Publishers Weekly® Reviews
- Reviewed in: Publishers Weekly, page 32.
- Review Date: 2007-06-25
- Reviewer: Staff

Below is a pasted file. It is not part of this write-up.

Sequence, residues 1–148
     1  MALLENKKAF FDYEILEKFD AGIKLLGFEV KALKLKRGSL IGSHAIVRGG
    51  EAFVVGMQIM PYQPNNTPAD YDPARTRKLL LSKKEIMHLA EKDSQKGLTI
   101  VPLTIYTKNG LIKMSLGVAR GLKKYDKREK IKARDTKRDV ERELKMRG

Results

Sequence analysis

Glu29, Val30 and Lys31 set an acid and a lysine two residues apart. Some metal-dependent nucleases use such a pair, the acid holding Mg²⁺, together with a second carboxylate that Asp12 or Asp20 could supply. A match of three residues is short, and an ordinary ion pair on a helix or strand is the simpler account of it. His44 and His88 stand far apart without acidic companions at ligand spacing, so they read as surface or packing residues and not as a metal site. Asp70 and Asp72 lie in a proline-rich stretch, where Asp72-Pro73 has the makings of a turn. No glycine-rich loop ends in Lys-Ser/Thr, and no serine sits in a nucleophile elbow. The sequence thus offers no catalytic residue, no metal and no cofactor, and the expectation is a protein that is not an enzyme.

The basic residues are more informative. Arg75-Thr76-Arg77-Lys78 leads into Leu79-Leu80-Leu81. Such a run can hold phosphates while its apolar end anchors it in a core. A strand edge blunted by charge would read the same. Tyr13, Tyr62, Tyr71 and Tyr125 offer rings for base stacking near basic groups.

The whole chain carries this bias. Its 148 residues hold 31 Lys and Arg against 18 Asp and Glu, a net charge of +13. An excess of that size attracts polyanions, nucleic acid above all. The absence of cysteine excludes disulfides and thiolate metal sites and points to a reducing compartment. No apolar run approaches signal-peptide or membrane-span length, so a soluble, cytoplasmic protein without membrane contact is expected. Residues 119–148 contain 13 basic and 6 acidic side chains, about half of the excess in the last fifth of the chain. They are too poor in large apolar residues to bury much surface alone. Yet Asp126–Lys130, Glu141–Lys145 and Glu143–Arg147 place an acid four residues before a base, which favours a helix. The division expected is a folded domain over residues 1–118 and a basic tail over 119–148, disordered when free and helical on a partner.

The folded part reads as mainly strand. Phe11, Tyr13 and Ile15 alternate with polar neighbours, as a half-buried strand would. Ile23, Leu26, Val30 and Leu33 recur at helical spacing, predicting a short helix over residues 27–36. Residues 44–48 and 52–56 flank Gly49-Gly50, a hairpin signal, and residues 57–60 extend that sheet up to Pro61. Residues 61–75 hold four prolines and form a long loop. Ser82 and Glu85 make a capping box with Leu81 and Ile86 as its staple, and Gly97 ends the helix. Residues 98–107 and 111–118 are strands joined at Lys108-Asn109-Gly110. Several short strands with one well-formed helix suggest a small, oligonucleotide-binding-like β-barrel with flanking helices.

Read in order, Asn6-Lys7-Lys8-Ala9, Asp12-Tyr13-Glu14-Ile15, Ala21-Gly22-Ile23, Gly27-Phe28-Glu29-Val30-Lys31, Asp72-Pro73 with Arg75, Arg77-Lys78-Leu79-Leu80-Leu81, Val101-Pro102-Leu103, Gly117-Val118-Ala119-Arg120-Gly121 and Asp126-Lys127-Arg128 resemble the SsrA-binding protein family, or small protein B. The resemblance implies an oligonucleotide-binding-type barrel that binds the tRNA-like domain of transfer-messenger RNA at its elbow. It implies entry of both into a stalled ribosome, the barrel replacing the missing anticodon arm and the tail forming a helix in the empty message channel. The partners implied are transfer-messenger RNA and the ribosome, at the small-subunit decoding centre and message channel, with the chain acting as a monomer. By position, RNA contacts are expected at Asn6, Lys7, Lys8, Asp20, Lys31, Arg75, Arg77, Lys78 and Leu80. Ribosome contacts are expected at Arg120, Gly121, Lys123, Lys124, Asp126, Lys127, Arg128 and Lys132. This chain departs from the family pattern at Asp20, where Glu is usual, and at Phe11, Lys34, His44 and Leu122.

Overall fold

Russian exile Bunin (1870–1953), who won the Nobel Prize in 1933, becomes stunningly accessible in this beautiful new translation. Bunin, who fled to France in 1920, gives aching, lyrical glimpses into the vanished past of aristocratic Russia, replete with country estates, artsy Moscow life and the rapidly changing social structure that followed the serfs' emancipation in 1861. Spanning 44 years of Bunin's creative work, the stories include “The Scent of Apples,” written in 1900, wherein, who had previously written poetry, begins translating his lyrical visions into prose, as well as work from his middle years such as “Sukhodol,” written against the backdrop of WWI and the later losses suffered against the Bolsheviks by the White Army, which Bunin supported. Many of Bunin's post-1920 stories, such as “Ida,” “Sunstroke” and “The Elagin Affair,” explore the lives of Russian and European sophisticates, focusing on their love affairs and their concern with elegant and refined living. His last stories, for instance “In Paris” and “One Familiar Street,” explore the alienation of those who cannot forget the worlds they've lost. Though there are murders and love-suicides, plot is really not the focus of these stories, which are marked by an emotional intensity in remembrance that recalls Proust. (Aug.)